Special topics courses
Special topics courses include courses that address a current or timely topic, that are in a "pilot" phase before being offered on an ongoing basis, or that are known to be one time offerings. Special topics course offerings can vary from term to term. This list includes course descriptions and meeting information for current UMSI Special Topics courses.
699.001 UX Research and Design (Tawanna Dillahunt)- Mastery Course
This course will require you to demonstrate mastery in application of design theories, concepts, and principles to defining valid problems, uncovering user needs, articulating service requirements, documenting UX research results, proposing, refining, and prototyping design solutions, and communicating with stakeholders effectively. You will have opportunities to integrate methods and theories about user experience design in this course by engaging in a whole process from identifying design issues to developing design solutions. You will work on a single project end-to-end during the semester. You will either work on a project individually or in pairs. For the most part, you will choose and design projects from scratch, though projects for real-world clients will be allowed as long as you meet the course requirements.
699.002 UX Research and Design (Silvia Lindtner)- Mastery Course
User Experience Research & Design is an interdisciplinary approach to technology that emerged out of earlier research and design methods and fields including but not limited to Participatory Design, Human-Computer Interaction and User Interface Design. It is often understood as a reaction to and intervention into engineering approaches to technological development. User Experience Research and Design as such can mean a variety of approaches and range of activities – often what is meant is highly dependent on the specific culture of an employer or the institution. Across various instantiations it is always though some form of blend of social scientific, technical, creative, and critical thinking skills, and this course will reflect this interdisciplinary commitment.
Experience design is both fascinating and challenging because of its elusive character and its politics of inclusion. What is experience? Who gets to say so? What makes an experience fun, challenging, novel, or different? Are experiences shared, individual, or collective? How is it that some people are excluded from certain experience spaces? Is it possible to design experiences, or can we only design interactive things? Who is the user in user experience design? And what form can design take in user experience design? The first weeks of the class “Understanding User Experience Design” will help you articulate answers to these questions as well as work out your own approach to user experience design. The second part of the course “Prototyping and Hacking User Experience Design” will be focused on the hands-on engagement with a user experience design project.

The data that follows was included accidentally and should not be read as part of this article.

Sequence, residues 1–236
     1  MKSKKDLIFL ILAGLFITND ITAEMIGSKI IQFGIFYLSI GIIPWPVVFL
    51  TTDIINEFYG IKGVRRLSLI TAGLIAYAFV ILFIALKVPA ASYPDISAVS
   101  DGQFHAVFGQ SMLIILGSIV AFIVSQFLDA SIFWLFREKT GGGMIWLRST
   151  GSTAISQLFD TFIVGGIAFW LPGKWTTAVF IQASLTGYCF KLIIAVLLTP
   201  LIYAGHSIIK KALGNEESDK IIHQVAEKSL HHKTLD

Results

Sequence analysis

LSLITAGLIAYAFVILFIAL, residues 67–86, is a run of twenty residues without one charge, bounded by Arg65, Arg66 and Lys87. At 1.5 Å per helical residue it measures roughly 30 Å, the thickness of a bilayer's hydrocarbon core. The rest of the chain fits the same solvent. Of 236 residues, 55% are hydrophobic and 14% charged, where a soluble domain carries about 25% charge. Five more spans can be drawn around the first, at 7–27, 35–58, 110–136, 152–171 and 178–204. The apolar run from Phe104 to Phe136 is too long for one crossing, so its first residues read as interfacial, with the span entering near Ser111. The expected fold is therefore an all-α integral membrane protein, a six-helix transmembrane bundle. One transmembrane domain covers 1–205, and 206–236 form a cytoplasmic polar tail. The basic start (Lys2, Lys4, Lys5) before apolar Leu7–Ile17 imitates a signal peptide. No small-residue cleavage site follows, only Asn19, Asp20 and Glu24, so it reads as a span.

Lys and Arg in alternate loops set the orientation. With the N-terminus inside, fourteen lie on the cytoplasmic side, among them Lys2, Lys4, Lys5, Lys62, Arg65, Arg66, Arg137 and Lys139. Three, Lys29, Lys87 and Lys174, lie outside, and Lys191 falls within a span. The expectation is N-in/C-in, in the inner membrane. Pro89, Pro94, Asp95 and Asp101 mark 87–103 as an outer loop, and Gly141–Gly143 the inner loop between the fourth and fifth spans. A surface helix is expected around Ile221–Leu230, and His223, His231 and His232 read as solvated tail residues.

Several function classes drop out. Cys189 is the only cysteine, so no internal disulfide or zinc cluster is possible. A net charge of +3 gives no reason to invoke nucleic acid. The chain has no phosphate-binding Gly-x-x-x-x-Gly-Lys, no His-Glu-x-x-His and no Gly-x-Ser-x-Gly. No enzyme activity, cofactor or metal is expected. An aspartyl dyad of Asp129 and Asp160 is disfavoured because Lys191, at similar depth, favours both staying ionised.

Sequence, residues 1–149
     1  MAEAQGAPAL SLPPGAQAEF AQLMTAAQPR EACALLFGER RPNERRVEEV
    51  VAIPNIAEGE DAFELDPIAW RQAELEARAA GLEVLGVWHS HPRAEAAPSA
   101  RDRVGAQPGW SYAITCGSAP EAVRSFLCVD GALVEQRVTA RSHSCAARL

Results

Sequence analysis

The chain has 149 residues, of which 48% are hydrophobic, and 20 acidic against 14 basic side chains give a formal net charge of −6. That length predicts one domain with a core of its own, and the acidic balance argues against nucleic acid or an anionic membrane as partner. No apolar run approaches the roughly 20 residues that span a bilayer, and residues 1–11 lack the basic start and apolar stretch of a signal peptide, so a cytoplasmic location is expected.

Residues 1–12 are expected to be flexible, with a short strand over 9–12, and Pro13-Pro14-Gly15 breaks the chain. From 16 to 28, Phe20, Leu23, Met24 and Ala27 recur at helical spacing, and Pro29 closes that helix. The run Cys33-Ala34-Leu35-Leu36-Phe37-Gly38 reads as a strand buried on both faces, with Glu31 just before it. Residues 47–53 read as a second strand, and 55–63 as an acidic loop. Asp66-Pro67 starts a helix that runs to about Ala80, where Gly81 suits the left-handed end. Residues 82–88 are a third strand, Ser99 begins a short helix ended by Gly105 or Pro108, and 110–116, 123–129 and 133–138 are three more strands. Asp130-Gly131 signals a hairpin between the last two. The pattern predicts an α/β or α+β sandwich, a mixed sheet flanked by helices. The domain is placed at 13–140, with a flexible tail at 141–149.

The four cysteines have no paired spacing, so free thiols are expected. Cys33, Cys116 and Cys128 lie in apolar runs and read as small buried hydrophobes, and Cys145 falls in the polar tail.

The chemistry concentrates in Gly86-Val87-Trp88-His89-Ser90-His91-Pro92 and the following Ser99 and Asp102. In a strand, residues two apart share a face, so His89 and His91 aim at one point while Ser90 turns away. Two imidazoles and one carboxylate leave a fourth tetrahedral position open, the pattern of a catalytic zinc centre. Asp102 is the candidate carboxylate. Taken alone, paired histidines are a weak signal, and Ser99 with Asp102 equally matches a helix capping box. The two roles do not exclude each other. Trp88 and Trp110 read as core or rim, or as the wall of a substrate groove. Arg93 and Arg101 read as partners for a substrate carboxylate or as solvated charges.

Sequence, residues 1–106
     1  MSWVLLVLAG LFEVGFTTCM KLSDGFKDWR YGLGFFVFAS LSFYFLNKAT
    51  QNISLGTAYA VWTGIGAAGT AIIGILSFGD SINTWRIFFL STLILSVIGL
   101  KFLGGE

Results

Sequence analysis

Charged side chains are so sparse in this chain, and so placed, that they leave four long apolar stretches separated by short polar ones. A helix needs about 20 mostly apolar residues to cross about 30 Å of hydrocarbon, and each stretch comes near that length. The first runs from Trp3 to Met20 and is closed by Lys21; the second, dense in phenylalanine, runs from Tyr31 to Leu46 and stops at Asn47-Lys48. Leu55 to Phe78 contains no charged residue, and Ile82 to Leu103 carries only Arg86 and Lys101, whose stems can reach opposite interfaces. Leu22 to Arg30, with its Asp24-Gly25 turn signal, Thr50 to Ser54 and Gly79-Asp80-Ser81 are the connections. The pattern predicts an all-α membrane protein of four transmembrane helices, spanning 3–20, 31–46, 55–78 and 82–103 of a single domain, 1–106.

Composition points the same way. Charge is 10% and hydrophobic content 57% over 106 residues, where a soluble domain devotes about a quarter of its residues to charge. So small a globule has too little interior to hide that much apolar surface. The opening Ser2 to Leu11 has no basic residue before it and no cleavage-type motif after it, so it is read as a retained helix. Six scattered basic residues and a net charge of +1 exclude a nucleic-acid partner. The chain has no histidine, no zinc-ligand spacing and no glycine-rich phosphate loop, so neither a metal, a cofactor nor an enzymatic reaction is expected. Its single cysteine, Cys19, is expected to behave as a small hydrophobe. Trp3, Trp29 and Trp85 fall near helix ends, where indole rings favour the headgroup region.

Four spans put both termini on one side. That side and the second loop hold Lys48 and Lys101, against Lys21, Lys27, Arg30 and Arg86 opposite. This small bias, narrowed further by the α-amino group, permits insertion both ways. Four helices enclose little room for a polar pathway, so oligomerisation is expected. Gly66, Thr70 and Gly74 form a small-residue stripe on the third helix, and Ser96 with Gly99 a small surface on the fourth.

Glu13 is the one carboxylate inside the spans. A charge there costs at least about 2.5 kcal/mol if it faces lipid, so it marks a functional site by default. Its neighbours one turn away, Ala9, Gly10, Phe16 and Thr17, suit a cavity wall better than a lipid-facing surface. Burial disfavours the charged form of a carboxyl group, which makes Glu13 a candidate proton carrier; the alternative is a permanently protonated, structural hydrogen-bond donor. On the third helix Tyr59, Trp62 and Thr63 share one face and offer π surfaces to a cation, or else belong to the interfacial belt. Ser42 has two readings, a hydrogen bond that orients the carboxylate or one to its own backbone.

699.003 Developing Social Computing Applications (Michael Hess)- Mastery Course
The mastery course provides students in opportunity to develop and demonstrate mastery in user research, application design, and system implementation by creating novel social computing applications. This course will challenge students to build on prior coursework in human-computer interaction and programming to apply and adapt their existing skill sets to identify and solve the problems that arise in the design of a new social computing systems, including the areas of user experience, technical implementation, and stakeholder communication. It is intended for students who want to go beyond prototypes to understand the full experience of creating and launching a new system.
This course is intended to be very advanced in nature, and assumes that students will approach the course with a solid design, user research, and technical foundation. This course will result in at least 3-4 items for a student's portfolio.